By Ed Huyck
By Melissa Wray
By Patrick Strait
By Jonathan McJunkin
By B Fresh Photography
By Ryan Siverson
By Kendra Sundvall
By Ed Huyck
Torres was immediately taken with Johnson's pitch, and he was quick to throw his weight behind it. As the former chairman of the New York State Athletic Commission, Torres understood better than many the ways in which boxers can be exploited. And he'd done something about it, having once banned promoter Don King--the most powerful figure in the sport--from staging fights in New York. Torres says he made the move after learning that King and his stepson Carl, who, in the sort of conflict of interest endemic to the sport, manages King's stable of fighters, had enticed Harlem heavyweight Mitch "Blood" Green to sign two contracts--a dummy one drawn up for review by the state commission and a less generous one for the actual payout. After Torres left office, King applied for and received a New York promoter's license once again.
"Boxers are the weakest athletes in the world today," Torres says. "They're not considered relevant in anything connected to the business of boxing. When they fight, where they fight, how much they get paid, they don't have a say in any of it." Instead, prizefighters' careers are generally governed by a triumvirate of feudalistic cabals: television networks, promoters, and the so-called Alphabet Boys--masters of the sport's three major sanctioning entities, the International Boxing Federation (IBF), the World Boxing Council (WBC), and the World Boxing Association (WBA). "As a result," he concludes, "fighters make less money than the promoters, and to me that's absurd. People have always said we should have a union, and now we're getting closer and closer."
Since he first met with Torres, Johnson has recruited some of fistiana's most respected figures to join the Boxing Organizing Committee (including Hall of Fame trainer Irv Abramson and Roy Foreman, brother of noted ex-champ George Foreman); both men say they expect to be mailing out ballots to some 4,500 to 6,000 boxers across the nation before the end of the calendar year.
As Johnson sees it, this is an ideal time for a union push precisely because the sport is in such rough shape. Late last year U.S. attorneys indicted the three top officers of the New Jersey-based IBF on charges that they demanded and received kickbacks to fix rankings. "You have the government and the public saying that boxing is all fucked up, that it's the red-light district of sport, and the government is talking about regulating the sport. With all these problems, this is an opportunity for us," Johnson says. "We think we can be in on the ground floor of the entire reorganization of the sport." A union, he adds, could bring its weight to bear in ways that would benefit both fighters and the fans--specifically, by developing a league-style system to create undisputed world champions. As it stands, each of the three major sanctioning bodies names their own champs. Owing to the rivalries between those bodies, there are just two undisputed titlists in the sport's 17 weight divisions--a development that has made boxing difficult to follow for all but the most devoted fans.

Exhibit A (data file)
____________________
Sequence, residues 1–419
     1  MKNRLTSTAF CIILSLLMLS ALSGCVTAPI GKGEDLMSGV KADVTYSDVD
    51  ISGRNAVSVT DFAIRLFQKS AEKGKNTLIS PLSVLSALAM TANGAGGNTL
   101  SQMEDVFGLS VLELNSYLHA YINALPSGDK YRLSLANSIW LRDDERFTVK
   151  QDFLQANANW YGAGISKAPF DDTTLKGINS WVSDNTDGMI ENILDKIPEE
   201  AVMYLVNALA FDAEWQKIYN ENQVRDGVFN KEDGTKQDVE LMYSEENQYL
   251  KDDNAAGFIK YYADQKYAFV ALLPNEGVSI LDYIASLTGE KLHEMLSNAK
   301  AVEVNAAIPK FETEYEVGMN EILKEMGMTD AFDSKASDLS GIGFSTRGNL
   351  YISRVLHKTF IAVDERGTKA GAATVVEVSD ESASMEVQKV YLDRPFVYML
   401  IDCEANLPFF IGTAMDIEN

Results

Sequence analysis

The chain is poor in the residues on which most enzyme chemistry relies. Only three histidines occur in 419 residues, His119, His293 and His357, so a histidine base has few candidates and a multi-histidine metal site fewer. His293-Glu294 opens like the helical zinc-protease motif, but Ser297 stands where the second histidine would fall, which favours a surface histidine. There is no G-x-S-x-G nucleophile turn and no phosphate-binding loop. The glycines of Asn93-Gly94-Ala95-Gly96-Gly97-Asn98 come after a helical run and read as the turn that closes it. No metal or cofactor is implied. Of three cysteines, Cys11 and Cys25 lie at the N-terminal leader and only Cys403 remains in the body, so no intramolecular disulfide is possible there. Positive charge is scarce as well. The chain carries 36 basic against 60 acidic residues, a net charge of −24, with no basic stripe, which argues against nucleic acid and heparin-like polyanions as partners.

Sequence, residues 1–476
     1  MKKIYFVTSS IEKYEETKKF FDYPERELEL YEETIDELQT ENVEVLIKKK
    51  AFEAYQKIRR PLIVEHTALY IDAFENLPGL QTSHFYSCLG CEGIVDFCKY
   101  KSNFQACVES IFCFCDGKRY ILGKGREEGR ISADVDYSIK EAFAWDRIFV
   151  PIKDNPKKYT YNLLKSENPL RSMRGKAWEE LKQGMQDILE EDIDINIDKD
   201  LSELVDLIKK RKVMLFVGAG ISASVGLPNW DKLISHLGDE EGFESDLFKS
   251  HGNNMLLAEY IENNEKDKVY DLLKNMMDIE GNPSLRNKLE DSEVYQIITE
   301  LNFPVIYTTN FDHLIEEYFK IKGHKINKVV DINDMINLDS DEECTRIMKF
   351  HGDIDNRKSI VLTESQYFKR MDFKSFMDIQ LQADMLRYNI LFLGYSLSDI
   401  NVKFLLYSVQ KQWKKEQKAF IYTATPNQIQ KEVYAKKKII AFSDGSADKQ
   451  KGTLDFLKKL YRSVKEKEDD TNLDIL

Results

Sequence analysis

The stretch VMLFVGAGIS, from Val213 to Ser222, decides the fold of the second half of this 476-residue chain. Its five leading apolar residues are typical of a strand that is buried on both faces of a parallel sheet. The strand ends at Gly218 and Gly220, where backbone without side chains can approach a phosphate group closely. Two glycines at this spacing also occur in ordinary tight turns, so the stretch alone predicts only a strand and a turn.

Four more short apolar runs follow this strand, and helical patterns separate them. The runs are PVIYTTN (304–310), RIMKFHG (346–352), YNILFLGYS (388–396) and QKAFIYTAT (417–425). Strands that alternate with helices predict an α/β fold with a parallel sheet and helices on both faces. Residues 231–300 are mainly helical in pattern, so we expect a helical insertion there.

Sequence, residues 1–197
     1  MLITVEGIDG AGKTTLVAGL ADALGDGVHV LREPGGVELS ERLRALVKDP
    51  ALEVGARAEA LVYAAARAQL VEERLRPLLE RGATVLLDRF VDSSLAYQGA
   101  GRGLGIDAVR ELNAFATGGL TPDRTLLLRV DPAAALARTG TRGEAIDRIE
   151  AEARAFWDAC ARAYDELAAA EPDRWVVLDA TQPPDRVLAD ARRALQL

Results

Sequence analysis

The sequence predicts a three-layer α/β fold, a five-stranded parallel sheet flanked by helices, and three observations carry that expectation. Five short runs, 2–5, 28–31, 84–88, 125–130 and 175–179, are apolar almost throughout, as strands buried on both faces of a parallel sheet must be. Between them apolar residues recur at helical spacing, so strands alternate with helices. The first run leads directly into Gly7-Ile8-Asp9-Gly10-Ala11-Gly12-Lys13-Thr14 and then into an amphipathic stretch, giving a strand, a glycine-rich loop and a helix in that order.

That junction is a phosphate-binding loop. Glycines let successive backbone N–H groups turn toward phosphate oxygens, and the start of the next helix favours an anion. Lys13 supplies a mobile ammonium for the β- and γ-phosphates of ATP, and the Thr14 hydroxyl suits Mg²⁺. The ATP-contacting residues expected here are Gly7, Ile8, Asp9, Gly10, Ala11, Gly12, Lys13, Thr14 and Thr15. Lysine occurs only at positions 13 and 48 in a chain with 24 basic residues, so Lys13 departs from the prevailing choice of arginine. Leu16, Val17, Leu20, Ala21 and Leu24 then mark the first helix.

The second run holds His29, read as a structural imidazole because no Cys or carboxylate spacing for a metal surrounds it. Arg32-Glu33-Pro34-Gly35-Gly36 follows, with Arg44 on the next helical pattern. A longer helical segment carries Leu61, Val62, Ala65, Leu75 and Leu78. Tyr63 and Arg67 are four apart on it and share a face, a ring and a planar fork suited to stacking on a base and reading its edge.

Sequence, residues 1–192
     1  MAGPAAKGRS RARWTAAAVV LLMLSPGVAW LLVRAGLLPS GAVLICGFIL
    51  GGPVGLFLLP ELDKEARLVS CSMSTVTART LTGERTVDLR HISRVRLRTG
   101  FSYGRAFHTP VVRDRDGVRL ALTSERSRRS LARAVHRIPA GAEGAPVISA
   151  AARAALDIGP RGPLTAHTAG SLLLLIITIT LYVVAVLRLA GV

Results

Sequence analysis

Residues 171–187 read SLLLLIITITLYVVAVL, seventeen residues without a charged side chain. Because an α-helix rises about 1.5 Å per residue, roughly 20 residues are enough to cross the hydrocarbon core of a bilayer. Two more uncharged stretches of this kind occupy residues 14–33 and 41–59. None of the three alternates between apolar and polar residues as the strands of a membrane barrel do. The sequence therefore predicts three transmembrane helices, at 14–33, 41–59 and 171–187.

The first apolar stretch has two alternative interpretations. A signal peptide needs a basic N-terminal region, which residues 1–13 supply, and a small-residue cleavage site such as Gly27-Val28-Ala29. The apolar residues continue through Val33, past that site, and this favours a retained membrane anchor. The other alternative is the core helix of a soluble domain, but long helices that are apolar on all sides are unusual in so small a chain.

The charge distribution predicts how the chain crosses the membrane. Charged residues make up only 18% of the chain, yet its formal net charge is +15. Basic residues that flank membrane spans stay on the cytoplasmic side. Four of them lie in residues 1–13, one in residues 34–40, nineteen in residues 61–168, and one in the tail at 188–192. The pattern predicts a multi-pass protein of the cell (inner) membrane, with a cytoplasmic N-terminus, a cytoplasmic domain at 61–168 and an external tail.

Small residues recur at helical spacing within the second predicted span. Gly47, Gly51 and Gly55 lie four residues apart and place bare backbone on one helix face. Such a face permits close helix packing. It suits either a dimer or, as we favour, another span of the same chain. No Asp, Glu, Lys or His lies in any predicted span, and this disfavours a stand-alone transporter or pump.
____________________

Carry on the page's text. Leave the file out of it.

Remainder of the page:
To date, Johnson's efforts have received only modest notice in the boxing press. That, according to boxing historian Bert Sugar, may be due to the considerable skepticism among insiders that anything will come of the union push. "I hate to be a naysayer. I think it's very wonderful and high-minded, but I just don't see it. It's just another wet dream," Sugar sighs. People have been complaining about the exploitation of boxers for decades, he adds, and notes that former heavyweight champion Jack Dempsey--one of the best-known figures in all of professional sports in the first half of the 20th Century--wrote a letter to the New York Times calling for the formation of a boxers' union in 1937. "Nothing came of it. And that was the heyday of unionism. Unionism was in its flower," Sugar observes. "Maybe if boxing were at the top of its game, a union could happen. Sharing wealth is easy then. But boxing is not on top of its game: If 1999 had been a funeral for boxing, it would have been an insult to the deceased."
Others are less pessimistic. "That's the way the old-timers have always thought, and that's been the uphill struggle for Paul since day one," says Scott LeDoux, a former heavyweight contender and current member of the Minnesota Board of Boxing, the state agency that regulates the sport here. "When Paul initially started, I thought, 'This guy has a long way to go, this is never gonna happen.' I couldn't imagine anyone putting the financial and personal effort into it. But he's really done his homework."
According to Johnson, the Boxing Organizing Committee has already received endorsement from some of the biggest name fighters around, including light heavyweight Roy Jones Jr., who is widely regarded as the best pound-for-pound boxer in the world; former welterweight champion Oscar De La Hoya; Sugar Shane Mosley, a rising star; George Foreman; even Muhammad Ali. The well-connected Torres has brought some other unlikely figures into the fold. Former South African president Nelson Mandela (who was a national champion featherweight as a young man) and former New York mayor David Dinkins have lent their names to the cause as prospective members of the union's Board of Trustees.
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